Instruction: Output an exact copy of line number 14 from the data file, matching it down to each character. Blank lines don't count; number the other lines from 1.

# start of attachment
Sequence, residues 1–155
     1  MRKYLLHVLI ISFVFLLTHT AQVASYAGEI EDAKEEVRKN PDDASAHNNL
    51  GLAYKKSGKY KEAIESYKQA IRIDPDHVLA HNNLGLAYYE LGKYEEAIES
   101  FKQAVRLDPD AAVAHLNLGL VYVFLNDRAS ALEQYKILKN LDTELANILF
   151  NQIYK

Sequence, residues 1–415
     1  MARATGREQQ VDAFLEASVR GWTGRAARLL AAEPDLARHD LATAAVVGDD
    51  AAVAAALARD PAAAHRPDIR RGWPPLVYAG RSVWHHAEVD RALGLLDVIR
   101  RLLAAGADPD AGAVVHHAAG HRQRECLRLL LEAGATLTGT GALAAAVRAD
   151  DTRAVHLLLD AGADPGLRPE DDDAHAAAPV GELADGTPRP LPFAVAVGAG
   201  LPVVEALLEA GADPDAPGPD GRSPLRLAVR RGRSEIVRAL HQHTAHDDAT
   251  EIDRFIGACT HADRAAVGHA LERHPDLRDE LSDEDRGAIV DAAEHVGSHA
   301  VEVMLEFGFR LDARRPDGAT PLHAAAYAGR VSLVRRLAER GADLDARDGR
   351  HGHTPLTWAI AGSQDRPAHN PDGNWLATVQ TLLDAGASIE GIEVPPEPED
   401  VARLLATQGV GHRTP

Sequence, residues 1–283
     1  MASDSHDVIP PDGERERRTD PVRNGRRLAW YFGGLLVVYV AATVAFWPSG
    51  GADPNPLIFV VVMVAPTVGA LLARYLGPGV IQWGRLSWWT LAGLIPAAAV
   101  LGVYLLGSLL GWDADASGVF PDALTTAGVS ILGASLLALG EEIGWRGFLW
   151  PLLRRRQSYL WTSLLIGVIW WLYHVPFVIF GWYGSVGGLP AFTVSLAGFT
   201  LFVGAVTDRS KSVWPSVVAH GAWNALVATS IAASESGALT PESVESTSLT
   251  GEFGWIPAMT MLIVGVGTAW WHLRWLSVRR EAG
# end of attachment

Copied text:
   351  HGHTPLTWAI AGSQDRPAHN PDGNWLATVQ TLLDAGASIE GIEVPPEPED